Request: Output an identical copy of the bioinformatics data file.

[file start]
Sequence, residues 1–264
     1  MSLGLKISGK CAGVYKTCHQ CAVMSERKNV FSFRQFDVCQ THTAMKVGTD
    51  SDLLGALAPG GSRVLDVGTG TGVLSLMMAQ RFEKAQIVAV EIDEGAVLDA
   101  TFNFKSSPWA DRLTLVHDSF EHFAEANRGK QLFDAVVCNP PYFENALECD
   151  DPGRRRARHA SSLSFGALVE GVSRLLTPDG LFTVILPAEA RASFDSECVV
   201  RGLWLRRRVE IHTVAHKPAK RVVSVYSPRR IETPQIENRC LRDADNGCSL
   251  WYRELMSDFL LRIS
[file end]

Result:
Sequence, residues 1–264
     1  MSLGLKISGK CAGVYKTCHQ CAVMSERKNV FSFRQFDVCQ THTAMKVGTD
    51  SDLLGALAPG GSRVLDVGTG TGVLSLMMAQ RFEKAQIVAV EIDEGAVLDA
   101  TFNFKSSPWA DRLTLVHDSF EHFAEANRGK QLFDAVVCNP PYFENALECD
   151  DPGRRRARHA SSLSFGALVE GVSRLLTPDG LFTVILPAEA RASFDSECVV
   201  RGLWLRRRVE IHTVAHKPAK RVVSVYSPRR IETPQIENRC LRDADNGCSL
   251  WYRELMSDFL LRIS